The reason why The Clash became ‘The only band that matters’ is because of their fierce, uncompromised and authentic view of the world. When other bands were making songs about utter nonsense, The Clash simply couldn’t stand for that and, instead, wrote an anthem in ‘Tommy Gun’ which took aim at terrorism in true punk fashion.
Spearheaded by the enigmatic Joe Strummer, there was no band who could hold a candle to The Clash’s roaring blaze in 1978. They had the substance which the Sex Pistols lacked and they didn’t just make punk music for the sake of making punk — Strummer saw it as the perfect mechanism for spreading his socialist ideology which, he believed, would change the world for the better. However, punk music and nuance aren’t always the greatest bedfellows, which meant that ‘Tommy Gun’ stoked up controversy due to the difficult topic they deal with on the track. Following the success of their debut album, making this the lead single from Give ‘Em Enough Rope and the track secured them their first-ever top 20 single, landing at number 19.
Some saw Strummer as an apologist for terrorism because of some controversial attire that he’d worn live on stage, which acted like catnip to the right-wing tabloids who declared The Clash as public enemy number one. The frontman had previously made controversial comments appearing to support the Red Brigade of Italy, he also often wore a red ‘Brigade Rosse’ T-shirt in support of when playing live, including at their famous Rock Against Racism show in 1978. He also appeared to support the Red Army Faction of Germany, and many Irish fans voiced anger when he wore a ‘H-Block’ T-shirt in solidarity with IRA prisoners held there, which was deemed to be insensitive.
The fury that the song received from some quarters was amplified because of drummer Topper Headon mimicking the sound of bullets with rapid-fire snare hits. This was, of course, coupled with Strummer’s on the bone lyrics, “I’m cutting out your picture from page one/I’m gonna get a jacket just like yours/And give my false support to your cause/Whatever you want, you’re gonna get it,” then he contentiously finishes the song by sniping, “If death comes so cheap/Then the same goes for life.”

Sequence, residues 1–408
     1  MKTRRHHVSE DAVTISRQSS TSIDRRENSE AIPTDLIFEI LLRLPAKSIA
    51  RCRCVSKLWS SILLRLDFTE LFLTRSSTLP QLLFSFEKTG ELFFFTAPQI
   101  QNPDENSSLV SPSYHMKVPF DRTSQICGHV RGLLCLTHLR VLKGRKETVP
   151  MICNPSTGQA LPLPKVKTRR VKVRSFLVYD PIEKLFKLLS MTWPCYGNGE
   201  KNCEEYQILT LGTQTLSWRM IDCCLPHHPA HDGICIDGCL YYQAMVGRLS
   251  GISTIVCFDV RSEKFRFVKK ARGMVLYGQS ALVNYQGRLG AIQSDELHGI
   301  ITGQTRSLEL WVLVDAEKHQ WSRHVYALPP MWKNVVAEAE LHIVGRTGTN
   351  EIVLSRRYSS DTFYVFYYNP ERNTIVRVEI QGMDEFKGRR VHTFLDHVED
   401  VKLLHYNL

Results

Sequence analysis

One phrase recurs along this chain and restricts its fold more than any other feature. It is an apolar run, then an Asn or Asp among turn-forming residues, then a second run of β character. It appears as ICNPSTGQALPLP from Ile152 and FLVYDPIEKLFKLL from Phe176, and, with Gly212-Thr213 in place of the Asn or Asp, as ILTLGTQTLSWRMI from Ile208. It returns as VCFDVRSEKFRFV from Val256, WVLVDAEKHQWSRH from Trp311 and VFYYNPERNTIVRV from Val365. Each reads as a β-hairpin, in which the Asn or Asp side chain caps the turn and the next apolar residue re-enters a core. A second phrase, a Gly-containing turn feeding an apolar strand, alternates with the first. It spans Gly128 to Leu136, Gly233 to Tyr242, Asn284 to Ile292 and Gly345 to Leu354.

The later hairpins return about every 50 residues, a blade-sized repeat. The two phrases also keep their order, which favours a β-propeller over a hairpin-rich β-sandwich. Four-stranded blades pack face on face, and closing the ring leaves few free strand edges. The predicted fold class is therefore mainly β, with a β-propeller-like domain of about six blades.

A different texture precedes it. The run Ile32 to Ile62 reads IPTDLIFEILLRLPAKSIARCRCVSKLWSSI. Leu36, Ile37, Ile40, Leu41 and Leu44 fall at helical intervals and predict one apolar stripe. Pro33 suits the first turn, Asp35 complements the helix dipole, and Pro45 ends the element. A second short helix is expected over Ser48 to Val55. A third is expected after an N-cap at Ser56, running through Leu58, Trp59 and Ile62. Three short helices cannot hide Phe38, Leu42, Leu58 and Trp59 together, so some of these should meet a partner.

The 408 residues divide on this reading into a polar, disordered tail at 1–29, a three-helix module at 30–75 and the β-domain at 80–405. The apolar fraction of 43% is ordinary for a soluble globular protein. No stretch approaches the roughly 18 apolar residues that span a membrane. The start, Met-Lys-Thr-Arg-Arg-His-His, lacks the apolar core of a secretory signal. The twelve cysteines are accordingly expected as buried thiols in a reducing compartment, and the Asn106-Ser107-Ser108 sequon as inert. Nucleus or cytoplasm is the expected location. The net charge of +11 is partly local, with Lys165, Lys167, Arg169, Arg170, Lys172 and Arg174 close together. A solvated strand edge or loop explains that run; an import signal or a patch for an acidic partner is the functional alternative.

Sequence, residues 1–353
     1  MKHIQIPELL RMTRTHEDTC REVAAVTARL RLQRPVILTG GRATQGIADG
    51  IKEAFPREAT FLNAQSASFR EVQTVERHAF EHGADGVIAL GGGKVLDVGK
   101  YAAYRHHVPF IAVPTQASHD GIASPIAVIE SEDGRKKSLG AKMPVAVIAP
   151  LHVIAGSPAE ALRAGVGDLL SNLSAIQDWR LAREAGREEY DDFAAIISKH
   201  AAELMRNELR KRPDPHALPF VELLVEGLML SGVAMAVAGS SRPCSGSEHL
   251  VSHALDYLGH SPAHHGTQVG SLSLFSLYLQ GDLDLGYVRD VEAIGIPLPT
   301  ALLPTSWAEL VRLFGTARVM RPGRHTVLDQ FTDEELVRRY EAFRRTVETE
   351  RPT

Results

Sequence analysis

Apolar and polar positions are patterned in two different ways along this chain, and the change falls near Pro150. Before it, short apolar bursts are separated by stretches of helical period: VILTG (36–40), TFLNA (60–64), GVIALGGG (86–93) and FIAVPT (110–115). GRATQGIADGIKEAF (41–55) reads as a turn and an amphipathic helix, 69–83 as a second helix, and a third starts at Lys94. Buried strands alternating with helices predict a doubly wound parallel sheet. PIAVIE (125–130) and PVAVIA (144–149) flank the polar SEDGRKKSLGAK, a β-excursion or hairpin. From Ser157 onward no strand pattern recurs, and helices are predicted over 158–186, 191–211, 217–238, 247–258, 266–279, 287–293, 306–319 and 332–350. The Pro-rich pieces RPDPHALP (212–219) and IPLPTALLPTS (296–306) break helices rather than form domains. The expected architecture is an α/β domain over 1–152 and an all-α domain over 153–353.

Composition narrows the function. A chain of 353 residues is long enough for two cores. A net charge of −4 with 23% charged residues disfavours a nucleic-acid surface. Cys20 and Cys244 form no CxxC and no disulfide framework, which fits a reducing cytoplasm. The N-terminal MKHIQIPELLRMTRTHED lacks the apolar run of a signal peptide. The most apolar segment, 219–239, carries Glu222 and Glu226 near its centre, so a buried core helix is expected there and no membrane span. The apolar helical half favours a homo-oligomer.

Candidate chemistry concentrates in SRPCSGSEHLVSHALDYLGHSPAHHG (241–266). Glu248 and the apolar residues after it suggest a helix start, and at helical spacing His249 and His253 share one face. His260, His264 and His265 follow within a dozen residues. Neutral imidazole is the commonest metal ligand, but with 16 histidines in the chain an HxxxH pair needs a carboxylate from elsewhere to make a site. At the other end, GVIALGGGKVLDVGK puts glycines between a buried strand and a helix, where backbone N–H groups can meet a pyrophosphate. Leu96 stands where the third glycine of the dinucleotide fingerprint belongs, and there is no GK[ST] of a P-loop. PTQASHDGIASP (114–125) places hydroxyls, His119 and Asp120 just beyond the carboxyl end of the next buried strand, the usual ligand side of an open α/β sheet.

“In the late 1970s, the National Front [a right-wing extremist hate group] was spreading across England,” Strummer later reflected on the political sphere in which ‘Tommy Gun’ was born. “They were a terrorist group if there ever was one, but bands like the Clash were deemed dangerous, evil even, by Thatcher and the like,” the late singer then added.
Carl Barat from The Libertines once described ‘Tommy Gun’ perfectly in the liner notes of The Clash’s Singles Box when he said: “It’s (‘Tommy Gun’) a product of the volatile climate of the late seventies — all those references to terrorist organizations like Baader-Meinhof and The Red Brigades. It’s like a punk rock adaptation of The Beatles’ ‘Revolution’.”
In the album liner notes to Clash on Broadway, Joe Strummer explained that he believed terrorists probably enjoy reading about their killings in the news, in a similar way to popstars would be elated with a rave review for their latest record. He told the NME: “I was saying us rock ‘n’ rollers are all posers and egomaniacs, but we know that terrorists are as bad, or worse than we are. They definitely love to read their own press… I know they dedicate their life to a cause, but they’re always posing for pictures.”
Of course, ‘Tommy Gun’ didn’t solve any of the world’s big issues that were dividing the world in the late ’70s but it gave Strummer a platform to air his views on a somewhat difficult topic and got people talking about these issues. Now, over 40 years on, ‘Tommy Gun’ also plays a role as a historic artefact showing us in 2020 what life was like during these divisive socio-political times of 1978. As the world edged closer and closer towards the era of Thatcher and Reagan — two politicians who only divided and conquered the population even further — Strummer was taking one last shot.